Shelter

Domebuilder's Blues

Domes/Rectangles

Smart, But Not Wise


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Refried Domes

It was the call last night that finally did it. “Lloyd, a friend of mine just built a dome in Big Sur and wants to know what to cover it with.”

A few days earlier there had been the call from a dome designer I’d met back in the dome glory days. He said there was so much call for information that now he was looking to republish a book he’d written on domebuilding.

— Deja vu, all over again. As Yogi Berra said.

I started building domes in Big Sur in 1966. Then in 1969 I spent two years overseeing a domebuilding program at an “alternative” high school in the California hills. We had to house about 50 students and a dozen or so teachers. We were inspired by Buckminster Fuller to work on solving “mankind’s” housing problems, and we took it upon ourselves to experiment with as many materials as possible. We built domes out of plywood, aluminum, sheet metal, fiberglass, ferro-cement, cedar shingles, asphalt shingles, and even nitrogen-inflated vinyl pillows.

With all the interest in domes and other alternative concepts of the times, and due to the extent of our dome design and experimentation, we soon became the focus and clearing house for the counterculture’s domebuilding movement of the late ’60s/’70s.

By 1970 it was obvious that there was enough information and interest for some type of publication. We borrowed the Whole Earth Catalog’s production facilities and in 1970 produced Domebook One and then in 1971 Domebook 2, which went on to sell 175,000 copies. Throughout this time we maintained a network of dome builders and designers.

By then we had built 17 domes at Pacific High School, and to tell the truth, the workmanship was less than exquisite. The time factor (just a few months to beat the rains), the age factor (teenage workmanship), the cost factor ($1200 per dome), and of course, the dope factor, all took their toll in the fine product. Yet we learned a lot.

Two years was about as long as the school lasted in full force. Things began to deteriorate on all fronts (for one thing, 50-odd teenagers do not make a good living situation) and I left the school in 1971 and bought a lot in a small coastal town. I wanted to try building one last dome on my own, without the constraints of communal living. This one I built carefully. It had a lightweight exposed wooden framework inside and was paneled with used reddish rough-sawn Douglas fir. The exterior was covered with redwood shakes that I split from driftwood logs and there was a long plexiglas skylight that focused on a pine tree outside. It ended up being featured in a two-page color spread in Life magazine.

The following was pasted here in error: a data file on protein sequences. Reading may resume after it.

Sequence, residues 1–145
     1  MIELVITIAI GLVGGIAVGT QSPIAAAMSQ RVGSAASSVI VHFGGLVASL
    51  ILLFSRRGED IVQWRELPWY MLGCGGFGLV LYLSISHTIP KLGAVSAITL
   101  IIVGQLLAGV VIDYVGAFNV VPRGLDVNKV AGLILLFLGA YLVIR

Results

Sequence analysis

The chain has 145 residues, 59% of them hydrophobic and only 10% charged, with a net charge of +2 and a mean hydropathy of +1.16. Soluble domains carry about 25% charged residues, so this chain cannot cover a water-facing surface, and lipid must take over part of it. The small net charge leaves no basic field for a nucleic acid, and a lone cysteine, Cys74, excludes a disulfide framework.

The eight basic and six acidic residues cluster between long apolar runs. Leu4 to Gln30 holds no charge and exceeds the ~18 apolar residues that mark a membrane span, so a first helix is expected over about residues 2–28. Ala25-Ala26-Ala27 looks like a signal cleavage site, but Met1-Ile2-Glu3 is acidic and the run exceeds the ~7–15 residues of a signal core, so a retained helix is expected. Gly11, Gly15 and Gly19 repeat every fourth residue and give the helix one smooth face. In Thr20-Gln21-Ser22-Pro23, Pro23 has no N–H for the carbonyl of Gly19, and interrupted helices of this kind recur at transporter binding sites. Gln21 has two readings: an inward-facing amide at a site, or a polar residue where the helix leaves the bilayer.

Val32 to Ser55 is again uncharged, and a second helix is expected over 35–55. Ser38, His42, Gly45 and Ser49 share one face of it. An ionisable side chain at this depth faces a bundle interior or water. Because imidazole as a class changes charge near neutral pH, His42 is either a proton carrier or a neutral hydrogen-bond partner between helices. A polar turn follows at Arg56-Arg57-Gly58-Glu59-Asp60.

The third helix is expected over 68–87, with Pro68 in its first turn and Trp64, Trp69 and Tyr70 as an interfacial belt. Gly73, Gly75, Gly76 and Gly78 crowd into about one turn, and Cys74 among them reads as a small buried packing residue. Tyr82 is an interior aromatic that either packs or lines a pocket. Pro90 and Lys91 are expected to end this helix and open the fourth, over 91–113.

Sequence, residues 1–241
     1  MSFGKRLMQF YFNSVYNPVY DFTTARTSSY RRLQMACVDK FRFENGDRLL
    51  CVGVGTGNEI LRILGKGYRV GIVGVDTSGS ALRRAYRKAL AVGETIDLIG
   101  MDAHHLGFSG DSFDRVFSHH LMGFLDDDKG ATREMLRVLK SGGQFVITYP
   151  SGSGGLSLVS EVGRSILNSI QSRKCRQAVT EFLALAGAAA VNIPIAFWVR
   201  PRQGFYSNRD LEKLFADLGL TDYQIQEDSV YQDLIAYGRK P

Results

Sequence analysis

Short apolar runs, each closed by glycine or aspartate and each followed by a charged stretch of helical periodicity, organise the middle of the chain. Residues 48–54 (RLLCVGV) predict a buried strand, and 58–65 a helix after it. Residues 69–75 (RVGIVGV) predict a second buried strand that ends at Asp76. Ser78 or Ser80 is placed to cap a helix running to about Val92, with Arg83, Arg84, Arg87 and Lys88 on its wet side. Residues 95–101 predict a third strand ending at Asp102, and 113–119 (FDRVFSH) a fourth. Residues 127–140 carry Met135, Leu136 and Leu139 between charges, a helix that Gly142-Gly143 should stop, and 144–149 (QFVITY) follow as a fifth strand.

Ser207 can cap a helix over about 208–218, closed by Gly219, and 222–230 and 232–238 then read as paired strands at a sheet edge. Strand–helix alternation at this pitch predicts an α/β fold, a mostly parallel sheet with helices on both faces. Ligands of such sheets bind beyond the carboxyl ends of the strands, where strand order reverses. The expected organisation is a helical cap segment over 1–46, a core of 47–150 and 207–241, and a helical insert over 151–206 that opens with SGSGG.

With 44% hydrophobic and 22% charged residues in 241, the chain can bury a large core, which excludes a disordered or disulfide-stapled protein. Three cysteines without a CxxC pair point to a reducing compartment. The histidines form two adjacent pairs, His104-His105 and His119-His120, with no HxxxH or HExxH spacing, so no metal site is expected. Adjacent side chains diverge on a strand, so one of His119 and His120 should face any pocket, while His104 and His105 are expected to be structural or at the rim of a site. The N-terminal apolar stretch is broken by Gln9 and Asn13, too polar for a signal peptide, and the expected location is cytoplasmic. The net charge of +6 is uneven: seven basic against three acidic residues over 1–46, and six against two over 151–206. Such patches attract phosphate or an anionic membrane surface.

By then I was getting even more calls and letters (and drive-by/drop-in unannounced visitors) and all the attention made me think very carefully about domes. I liked this dome far better than any I’d ever been in, but the problems of dome construction and dome living did nothing but increase. It had by now been five years of growing frustration and the disadvantages were overwhelmingly obvious. Domes weren’t practical, economical or aesthetically tolerable — at least for my life and sensibilities.

Finally, for a variety of reasons I sold the dome and dismantled it. At the same time we discontinued publication of Domebook 2, even though it was still selling well.

A cycle completed, a process carried full circle: mission impossible . . . .

We then went on to publish two more books on building: Shelter (1973) and Shelter II (1978). The first of these was even more popular than Domebook 2. It showed an intriguing variety of building methods from all over the world and a richness of human spirit in people providing their own shelter. Both these books outlined the advantages of rectilinear construction (and most notably stud-frame construction) for building one’s own home in North America. The disadvantages of domes were also well documented.

Yet since that time — in fact since Domebook 2 went out of print in 1973 — we’ve had a steady stream of calls and letters on domes: what do you think of them as homes, do they leak, where can I find chord factors, can I trust dome salesmen . . . We kept meaning to print something up, but the years slipped by.

As I said, the call the other night did it. The same old questions, 16 years later, but now increasing in frequency. (Maybe a lot of the bad ideas of the ’60s are resurfacing now along with the good ones.) Enough procrastination! Here’s our answer to all those dome questions. This hastily-assembled publication has a two-fold purpose:

  1. To present our hard-earned opinion of domes as homes. (They don’t work.)

  2. To reprint some long out-of-print mathematical information from Domebook 2. (Models do work.)

Along the way there are comments on plastics and “appropriate” technology, letters from readers, insights on mega-design and the little-known story of the world’s first geodesic dome.

The other day a friend asked what we were working on. “Well, this thing called Refried Domes, about why domes don’t worketc.

“Aren’t domes passé?” she asked.

No, I said, there’s apparently a whole new generation of people out there now asking questions again. And then it occurred to me that although we did publish most of the information herein 10-15 years ago, it was never assembled as a whole.

Here then are the results of an experimental voyage. The bitter and the sweet. The great idea (!) and the concrete reality. The ideological principle and the physical follow through . . . Mamas, don’t let your mathematicians grow up to become builders . . .

— Lloyd Kahn
October, 1989

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